Immigrant activist: Facebook should belong to the people

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A talk given at a Peoples Power Assembly press conference in Baltimore Oct. 30 to resist the coordinated campaign by the Department of Homeland Security, Facebook and Trump supporters to sabotage organizing for a Nov. 4 protest against a stolen election.

My name is Rasika Ruwanpathirana, a filmmaker and activist. 

I’m a Sri Lankan immigrant who moved to the U.S. 20 years ago. My immediate family still lives in Sri Lanka. I use Facebook to keep in touch with them as well as friends back home. Over the years, I have had quite a big network on my page — 4,000-plus people, a multicultural global network of friends, family, colleagues, co-workers and activists. 

I don’t have a separate page for activism and one for the family. I don’t see any reason for it. I didn’t do anything wrong. And I have nothing to hide. 

Wednesday night, when my personal Facebook page was shut down, along with our organizing page and 15 other personal accounts, without a warning, without an explanation, I was devastated.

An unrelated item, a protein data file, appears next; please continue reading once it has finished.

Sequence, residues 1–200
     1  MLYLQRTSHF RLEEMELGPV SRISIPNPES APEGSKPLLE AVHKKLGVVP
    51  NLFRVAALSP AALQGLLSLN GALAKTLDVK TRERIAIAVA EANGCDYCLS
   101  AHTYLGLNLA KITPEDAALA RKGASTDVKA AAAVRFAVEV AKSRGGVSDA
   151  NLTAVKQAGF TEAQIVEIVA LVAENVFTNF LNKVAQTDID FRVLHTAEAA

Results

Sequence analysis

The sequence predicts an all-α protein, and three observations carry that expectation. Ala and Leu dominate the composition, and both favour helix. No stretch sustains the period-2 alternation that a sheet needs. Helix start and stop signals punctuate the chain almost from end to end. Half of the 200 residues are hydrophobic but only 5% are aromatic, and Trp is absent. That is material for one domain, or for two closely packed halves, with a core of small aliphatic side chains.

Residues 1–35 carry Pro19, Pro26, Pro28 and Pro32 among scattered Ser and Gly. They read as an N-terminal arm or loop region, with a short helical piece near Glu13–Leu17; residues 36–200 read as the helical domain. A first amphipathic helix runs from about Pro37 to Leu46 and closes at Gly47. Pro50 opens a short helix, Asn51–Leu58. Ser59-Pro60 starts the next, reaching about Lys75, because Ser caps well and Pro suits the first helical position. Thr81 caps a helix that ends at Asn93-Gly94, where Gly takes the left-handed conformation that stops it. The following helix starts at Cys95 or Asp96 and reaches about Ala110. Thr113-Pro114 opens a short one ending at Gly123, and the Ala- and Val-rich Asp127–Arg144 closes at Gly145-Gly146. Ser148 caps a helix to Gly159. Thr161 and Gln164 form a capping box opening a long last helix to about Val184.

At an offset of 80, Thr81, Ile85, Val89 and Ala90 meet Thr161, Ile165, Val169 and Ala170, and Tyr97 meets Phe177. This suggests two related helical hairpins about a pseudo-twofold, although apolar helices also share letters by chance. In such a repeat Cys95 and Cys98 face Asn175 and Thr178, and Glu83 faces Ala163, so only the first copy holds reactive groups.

I wasn’t even allowed to appeal the decision. None of us could.

These actions by the Department of Homeland Security and Facebook are not only a direct violation of my right to practice freedom of speech. It’s by definition family separation — especially during one of the worst pandemics of our time. Facebook is the only connection for many of us during this time. 

They did it because they could and they had the power to do so. So they could intimidate us and keep us from mobilizing people, in order to make it easier for them to steal an election. Is there any other explanation? I don’t have one.  

Facebook is also where I find work. A network I built for two decades vanished into thin air Wednesday night. 

I don’t know how many of you have friends and family who have died and still have their Facebook pages up? Those are very important parts of our lives now. A place to remember them, that we can virtually visit and be part of the healing process — especially when you live halfway across the world. If I had to restart a new page because of what happened, I couldn’t add those memories back to my new page — dead people can’t accept friend requests.

Networks like Facebook shouldn’t be controlled by one person who happened to get lucky by capitalizing on new technology that was inevitable. It should belong to the people in the first place. Mark Zuckerberg didn’t invent social media; there was MySpace before and several others around at that time.  

These networks are now extensions of ourselves, that we need to access regularly with like-minded people. To take that away, to hold that hostage to control us, suppress our freedom of speech, our right to organize and peacefully protest, is a violation of our constitutional rights. And there should be real consequences for that. 

I’m saying this because leaving Facebook is not an option for us anymore. We want Mr. Zuckerberg to leave Facebook.